Category Archives: Infection prevention

How do you know if a surface has been properly cleaned?

Quality control in surface disinfection has always been a challenge. Jim Mann, a Brevis associate, sent us a nifty device to check for surface cleaning. It is called MarX and Brevis is now marketing it as the GlitterBug MarX.This is a stamp device that leaves an invisible circle X mark on stamped surfaces that can be visualized with UV light. It will be simple for quality control personnel to check whether surfaces have been cleaned by shining a UV source, such as the very popular GlitterBug GlowBar LED, on stamped surfaces. In this SARS-CoV-2 pandemic world, knowing that surfaces have been cleaned is more important than ever. And will be in the future when the next pandemic after Covid 19 rears its ugly head, as surely it will.

For decades Brevis has been a world leader in the teaching of hand hygiene with its GlitterBug UV product line and instructional videos. The GlitterBug MarX product is a great addition to this popular family. The MarX device is very portable – and pocketable – at about 1.0 by 2.5 inches (2.5 x 6.3 cm). It is probably capable of at least a thousand stampings if kept covered between uses.

Surface cleaning detection kit with invisible stamper and UVA lamp

Surface cleaning matters even more than ever. Use the MarX to mark surfaces with an invisible mark then use the SpotShooter8 Lamp to see if those marks were properly cleaned off. Easy method to Trust but Verify.

If only the Marx Brothers (Groucho, Harpo, Chico and Zeppo) had known about this, vaudeville may have taken a different turn back in the early 1900s. There is a story, which I can’t verify, that explains why Harpo never talks. Seems that the brothers were on tour and in one particular town, their act was not well received. So as they were walking out of town to get to the train station, Harpo turned around and said something like, “I hope your town burns down.” The next day when they looked at the newspaper, what do they see but an item about how that town had been mostly destroyed by a large fire. Of course, they had nothing to do with starting the fire, but Harpo’s curse was so prescient that the other brothers prevailed on Harpo not to talk any more. And he never did in their acts including when they got into movies. The story may be apocryphal but I like it anyway. If it didn’t happen, it should have.

Buy Now

Meanwhile, GlitterBug MarX has happened and is available now for your consideration and use. Check it out. You will be impressed with its simplicity and effectiveness.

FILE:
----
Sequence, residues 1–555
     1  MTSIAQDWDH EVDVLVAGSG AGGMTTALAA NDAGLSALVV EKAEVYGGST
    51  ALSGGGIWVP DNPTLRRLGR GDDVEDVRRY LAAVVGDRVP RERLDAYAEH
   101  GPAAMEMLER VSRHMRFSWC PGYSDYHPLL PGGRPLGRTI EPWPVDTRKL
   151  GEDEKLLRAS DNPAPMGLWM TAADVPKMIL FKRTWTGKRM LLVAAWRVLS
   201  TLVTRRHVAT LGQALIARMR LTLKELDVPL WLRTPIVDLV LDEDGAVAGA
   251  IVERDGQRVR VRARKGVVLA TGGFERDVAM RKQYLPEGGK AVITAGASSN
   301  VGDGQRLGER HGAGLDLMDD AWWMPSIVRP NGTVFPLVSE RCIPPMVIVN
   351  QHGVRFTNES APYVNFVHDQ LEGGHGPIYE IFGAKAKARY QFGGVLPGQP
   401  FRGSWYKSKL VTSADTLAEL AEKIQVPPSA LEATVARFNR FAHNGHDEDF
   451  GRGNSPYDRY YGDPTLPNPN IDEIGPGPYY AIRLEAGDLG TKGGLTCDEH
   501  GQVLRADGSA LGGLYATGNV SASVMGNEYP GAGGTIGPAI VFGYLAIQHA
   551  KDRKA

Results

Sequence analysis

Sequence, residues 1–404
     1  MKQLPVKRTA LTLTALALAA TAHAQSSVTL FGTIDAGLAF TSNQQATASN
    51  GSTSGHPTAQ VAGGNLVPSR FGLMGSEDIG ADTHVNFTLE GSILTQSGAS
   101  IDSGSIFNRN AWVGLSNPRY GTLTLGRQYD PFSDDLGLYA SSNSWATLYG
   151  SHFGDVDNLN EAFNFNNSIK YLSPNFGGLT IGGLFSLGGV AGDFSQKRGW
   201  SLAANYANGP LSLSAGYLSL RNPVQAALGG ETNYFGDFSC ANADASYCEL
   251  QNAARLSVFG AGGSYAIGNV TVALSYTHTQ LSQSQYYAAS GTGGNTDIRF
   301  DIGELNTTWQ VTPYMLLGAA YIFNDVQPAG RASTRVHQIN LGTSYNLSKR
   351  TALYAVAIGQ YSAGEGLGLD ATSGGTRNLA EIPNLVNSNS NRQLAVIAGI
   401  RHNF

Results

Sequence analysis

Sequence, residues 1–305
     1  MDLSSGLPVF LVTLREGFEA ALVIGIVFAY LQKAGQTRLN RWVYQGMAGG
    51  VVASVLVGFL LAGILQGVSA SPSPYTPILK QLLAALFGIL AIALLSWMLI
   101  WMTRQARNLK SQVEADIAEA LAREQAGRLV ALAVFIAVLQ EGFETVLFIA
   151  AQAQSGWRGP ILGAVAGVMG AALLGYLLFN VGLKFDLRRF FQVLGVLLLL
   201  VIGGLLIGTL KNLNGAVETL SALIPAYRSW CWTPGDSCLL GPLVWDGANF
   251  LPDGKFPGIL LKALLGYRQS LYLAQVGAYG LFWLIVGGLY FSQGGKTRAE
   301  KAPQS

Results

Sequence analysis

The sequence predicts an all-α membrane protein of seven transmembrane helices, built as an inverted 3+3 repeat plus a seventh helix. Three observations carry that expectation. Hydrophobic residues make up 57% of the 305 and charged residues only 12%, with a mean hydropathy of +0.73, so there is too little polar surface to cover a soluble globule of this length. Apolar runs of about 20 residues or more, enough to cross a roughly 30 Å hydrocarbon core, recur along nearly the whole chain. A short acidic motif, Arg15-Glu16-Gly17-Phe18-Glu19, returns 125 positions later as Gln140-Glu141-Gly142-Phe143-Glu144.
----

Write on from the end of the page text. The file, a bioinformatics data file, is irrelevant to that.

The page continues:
Thank you,

Gordon Short, MD
Brevis Corporation

COVID19: Show people what they should know to protect themselves from (Coronavirus)

Inform people about how to protect themselves from the acquisition viruses and germs such as Corona Virus. One cannot watch the news lately without being inundated with stories about the latest deadly virus outbreak. Scenes showing the dire situation in China where the outbreak seems to have started are prevalent in the media. Closed borders, sequestered or isolated travelers, cruise-ship customers in lock-down. Investigators are working feverishly to determine the sources of these viruses and the routes of transmission especially from one person to the next.

New Posters: Coronavirus in Public Places

Stay Safe Poster Protect Yourself Poster

The usual routes to infection are the most likely suspects. Touching surfaces in public and then touching our portals of entry (eyes, nose and mouth), breathing in of airborne germs or ingesting contaminated food. Of course we are  concerned with preventing illness amongst the population at large but must also realize that protecting oneself is of primary importance. In that vein Brevis presents new posters to inform people about the basic steps that can help to protect themselves.

Contributing Factors to the Flu Season

Except for it being “Flu Season”, I love the winter months.

If you live near 40°′N like I do, undoubtedly you’ve experienced some snow this season, to which not a single person has a neutral opinion. Personally, I’ve crossed zero several times in my life. Starting with love for fluffy white playful snow as a child, moving swiftly into a deep hatred for a biting, slushy, wintery death while walking to school in canvas shoes, and finally back to love for a nostalgically snowy day as an adult.